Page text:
by Joan Saunders | photos by Kathryn Alvarez Photography –
October means a bit of a shift in cooking; as the weather starts to change we look to heartier stews and soups to warm us up as it cools down. To go with these types of meals, I highly recommend homemade focaccia. It not only looks glorious: it also tastes amazing. No matter who is enjoying this bread, whether it’s part of a dinner party with friends or for a family night in, I promise that it will disappear very quickly as the toppings add fabulous flavours and make it so appealing to the eye as well as to the palate.
What I’ve learned about making focaccia (and with cooking in general) is that it’s essential to use good olive oil. With this bread, olive oil does two things: it lends a wonderful flavour that is deep, rich and often sort of fruity, and it helps to create a tender crumb and crisp crust. Focaccia is a great recipe for beginner bread makers, as it doesn’t require any special equipment as long as you’re up for a little bit of a workout as you have to knead the dough thoroughly if you don’t use a bread hook and mixer.
The dough is stretched out to fit a standard 9×13 pan, so you don’t have to worry about shaping it. What you do have to commit to, however, is the time it takes to prove the dough. Other than that, it’s an easy and impressive way to delve into the wonderful world of bread making. It’s also so versatile because you can add or omit any toppings that strike your fancy. Not interested in onion? No worries: just throw on more tomatoes or olives. Classic focaccia recipes often just call for oil, salt and rosemary, but feel free to jazz it up with what most appeals to you.
As you get more confident with making focaccia, play around with the toppings. Add thinly-sliced apples along with some blue cheese. Caramelized onions and chunks of cooked bacon are fantastic, as are chopped grapes with goat cheese. Or try grated mozzarella along with sundried tomatoes and bits of Genoa salami. Yes, indeed.
But whatever you add in terms of toppings, you’ll create a golden, crusty, salty bread with a light, chewy texture. With its wonderful sponginess, it will squish in the very best way possible and, I’m sure, become one of your go-to recipes.
4 cups flour
¾ tsp salt
3 ¾ tsp instant yeast
2 tbsp olive oil (plus lots more for pan, bowls)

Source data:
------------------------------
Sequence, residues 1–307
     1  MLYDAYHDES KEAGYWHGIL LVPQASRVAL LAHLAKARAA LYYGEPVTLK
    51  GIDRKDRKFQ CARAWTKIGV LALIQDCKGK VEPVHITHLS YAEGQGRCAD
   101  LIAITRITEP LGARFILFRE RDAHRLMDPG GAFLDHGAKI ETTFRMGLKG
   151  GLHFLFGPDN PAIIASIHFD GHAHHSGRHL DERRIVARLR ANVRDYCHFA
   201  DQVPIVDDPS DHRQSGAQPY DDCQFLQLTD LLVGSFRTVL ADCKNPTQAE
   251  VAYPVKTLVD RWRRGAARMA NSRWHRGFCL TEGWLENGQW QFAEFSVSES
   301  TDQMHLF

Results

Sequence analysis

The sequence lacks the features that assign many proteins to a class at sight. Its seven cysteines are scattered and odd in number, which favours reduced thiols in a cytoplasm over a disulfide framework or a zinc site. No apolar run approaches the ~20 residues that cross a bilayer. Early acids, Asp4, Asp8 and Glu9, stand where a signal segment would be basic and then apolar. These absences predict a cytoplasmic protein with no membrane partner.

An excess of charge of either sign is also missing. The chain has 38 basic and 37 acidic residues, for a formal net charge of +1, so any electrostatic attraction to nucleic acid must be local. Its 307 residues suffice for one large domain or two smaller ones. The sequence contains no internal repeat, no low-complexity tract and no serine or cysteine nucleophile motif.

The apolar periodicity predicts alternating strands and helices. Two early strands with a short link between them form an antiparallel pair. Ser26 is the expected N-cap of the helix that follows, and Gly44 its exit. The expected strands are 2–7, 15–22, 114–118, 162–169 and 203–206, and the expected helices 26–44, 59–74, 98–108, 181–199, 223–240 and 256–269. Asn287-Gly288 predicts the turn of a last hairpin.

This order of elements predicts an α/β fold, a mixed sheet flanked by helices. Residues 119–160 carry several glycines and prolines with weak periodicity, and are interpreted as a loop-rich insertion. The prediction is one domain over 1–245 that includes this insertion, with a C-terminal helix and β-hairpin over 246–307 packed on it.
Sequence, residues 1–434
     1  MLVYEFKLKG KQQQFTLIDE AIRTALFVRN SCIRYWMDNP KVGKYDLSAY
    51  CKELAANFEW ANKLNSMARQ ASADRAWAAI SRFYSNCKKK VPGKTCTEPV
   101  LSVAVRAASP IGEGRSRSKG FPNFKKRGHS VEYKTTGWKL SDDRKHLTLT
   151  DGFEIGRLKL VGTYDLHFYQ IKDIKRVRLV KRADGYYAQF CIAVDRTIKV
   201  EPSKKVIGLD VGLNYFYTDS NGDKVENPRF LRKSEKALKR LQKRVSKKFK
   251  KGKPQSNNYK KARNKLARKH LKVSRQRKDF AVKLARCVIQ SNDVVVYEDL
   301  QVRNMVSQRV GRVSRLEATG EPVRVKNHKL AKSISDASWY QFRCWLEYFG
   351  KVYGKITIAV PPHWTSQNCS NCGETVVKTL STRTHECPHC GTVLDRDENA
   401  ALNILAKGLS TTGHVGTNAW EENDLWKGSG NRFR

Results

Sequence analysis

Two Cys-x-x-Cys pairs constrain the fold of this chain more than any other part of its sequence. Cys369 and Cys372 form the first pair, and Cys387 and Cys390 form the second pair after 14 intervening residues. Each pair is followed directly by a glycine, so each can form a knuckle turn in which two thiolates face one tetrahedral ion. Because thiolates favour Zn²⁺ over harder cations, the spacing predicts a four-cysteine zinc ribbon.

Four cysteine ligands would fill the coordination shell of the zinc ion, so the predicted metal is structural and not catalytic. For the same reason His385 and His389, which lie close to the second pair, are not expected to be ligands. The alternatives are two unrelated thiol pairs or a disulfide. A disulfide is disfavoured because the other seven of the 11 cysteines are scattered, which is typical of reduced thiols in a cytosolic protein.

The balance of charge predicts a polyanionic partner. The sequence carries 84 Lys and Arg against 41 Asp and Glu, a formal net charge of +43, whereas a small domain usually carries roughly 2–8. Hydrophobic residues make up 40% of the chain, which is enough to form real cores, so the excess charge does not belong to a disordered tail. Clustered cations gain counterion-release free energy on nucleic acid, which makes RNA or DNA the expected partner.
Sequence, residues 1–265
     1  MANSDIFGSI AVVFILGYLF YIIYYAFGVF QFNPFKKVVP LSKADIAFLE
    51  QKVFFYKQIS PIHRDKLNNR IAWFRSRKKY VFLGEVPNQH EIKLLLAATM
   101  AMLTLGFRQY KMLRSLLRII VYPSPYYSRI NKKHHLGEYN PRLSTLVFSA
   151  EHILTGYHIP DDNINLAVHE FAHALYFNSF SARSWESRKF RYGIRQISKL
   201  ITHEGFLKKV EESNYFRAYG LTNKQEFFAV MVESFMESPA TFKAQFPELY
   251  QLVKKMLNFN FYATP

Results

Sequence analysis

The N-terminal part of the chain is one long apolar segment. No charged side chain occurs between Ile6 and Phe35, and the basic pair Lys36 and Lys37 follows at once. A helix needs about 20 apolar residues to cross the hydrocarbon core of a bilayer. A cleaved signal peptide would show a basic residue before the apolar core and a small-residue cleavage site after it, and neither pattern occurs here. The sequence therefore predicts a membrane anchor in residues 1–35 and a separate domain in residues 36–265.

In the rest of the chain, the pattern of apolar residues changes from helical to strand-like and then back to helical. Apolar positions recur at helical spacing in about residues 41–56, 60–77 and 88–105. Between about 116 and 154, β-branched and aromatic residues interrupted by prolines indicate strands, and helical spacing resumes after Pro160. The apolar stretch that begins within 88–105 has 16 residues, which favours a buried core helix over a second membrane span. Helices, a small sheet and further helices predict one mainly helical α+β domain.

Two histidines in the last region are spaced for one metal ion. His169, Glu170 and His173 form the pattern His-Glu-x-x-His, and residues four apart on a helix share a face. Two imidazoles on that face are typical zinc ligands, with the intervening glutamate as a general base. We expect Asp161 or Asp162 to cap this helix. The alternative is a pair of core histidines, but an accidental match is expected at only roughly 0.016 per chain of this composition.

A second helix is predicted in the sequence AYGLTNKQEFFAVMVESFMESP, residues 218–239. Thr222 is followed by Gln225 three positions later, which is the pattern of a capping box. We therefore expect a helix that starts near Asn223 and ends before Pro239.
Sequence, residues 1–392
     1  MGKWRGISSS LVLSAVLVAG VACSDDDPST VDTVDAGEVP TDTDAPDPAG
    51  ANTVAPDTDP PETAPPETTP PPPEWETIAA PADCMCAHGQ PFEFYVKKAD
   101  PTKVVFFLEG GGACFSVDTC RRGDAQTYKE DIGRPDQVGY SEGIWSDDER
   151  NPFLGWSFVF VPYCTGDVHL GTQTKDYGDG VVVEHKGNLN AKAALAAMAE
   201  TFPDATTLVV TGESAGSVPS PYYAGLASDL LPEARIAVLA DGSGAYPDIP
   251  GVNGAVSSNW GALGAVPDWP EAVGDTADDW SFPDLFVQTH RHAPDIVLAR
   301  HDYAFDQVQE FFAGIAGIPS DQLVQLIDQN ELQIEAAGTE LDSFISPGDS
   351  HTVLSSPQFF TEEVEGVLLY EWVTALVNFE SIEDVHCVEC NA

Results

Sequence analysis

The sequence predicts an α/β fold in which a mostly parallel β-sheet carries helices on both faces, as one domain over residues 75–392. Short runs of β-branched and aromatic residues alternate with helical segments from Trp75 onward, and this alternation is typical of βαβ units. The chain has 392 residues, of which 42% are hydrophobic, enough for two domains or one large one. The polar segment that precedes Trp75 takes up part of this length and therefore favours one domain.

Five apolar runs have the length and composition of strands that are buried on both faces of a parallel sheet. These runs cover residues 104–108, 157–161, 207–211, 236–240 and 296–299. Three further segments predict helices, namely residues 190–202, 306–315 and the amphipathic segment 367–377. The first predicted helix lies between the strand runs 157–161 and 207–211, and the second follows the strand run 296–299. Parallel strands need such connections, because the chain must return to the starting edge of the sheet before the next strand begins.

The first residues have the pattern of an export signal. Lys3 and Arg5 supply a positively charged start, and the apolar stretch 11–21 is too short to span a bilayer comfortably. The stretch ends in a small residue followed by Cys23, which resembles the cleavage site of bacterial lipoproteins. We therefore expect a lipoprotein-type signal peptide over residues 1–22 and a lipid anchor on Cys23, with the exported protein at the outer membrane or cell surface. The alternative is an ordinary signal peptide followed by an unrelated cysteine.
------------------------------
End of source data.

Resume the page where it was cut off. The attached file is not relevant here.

1 ½ cups of water
Toppings (omit the ones you don’t like, or substitute others)
⅓ cup pitted Kalamata olives, cut in half or thirds
¼ of a red onion, cut into very slim wedges
6-8 cherry or grape tomatoes, cut in small chunks
1 tsp dried oregano
1 tsp dried rosemary
⅔ cup (approximately)
flaky sea salt
Put all of the dough ingredients into a large bowl; stir together to combine. I use a mixer with a dough hook to knead for 2-3 minutes on slow and 6-7 minutes on medium speed. If you don’t have a mixer with a dough hook, stir and mix well for a few minutes, then turn dough out onto lightly-oiled surface and knead for 10 minutes, or until it’s soft and elastic.
Put dough in bowl and cover with plastic wrap; let rise for about two hours at room temperature. The dough should at least double in size.
Generously oil base of a 9×13 inch baking pan. Tip dough into well-oiled pan; stretch it out to fit pan. Drizzle with lots of olive oil; make indentations in dough with your fingers. Go deep here with the indentations, as the bread is still going to rise again.
Put bread pan into a roomy freezer bag or cover lightly with plastic wrap; proof again for 1½ hours at room temperature.
Heat oven to 450°. Remove pan from bag/plastic wrap. Now add the toppings. Press the cut olives, sliced onion and chopped tomatoes into the indentations made in the dough. Drizzle dough with more olive oil, sprinkle with dried rosemary and oregano, then with a good amount of sea salt.
Bake focaccia for 20-24 minutes or until golden brown. Once you’ve taken the focaccia from the oven, drizzle on a bit more olive oil. Cool slightly on rack, remove from pan and cool. Cut into chunks and serve!
Bake by Paul Hollywood, Bloomsbury Publishing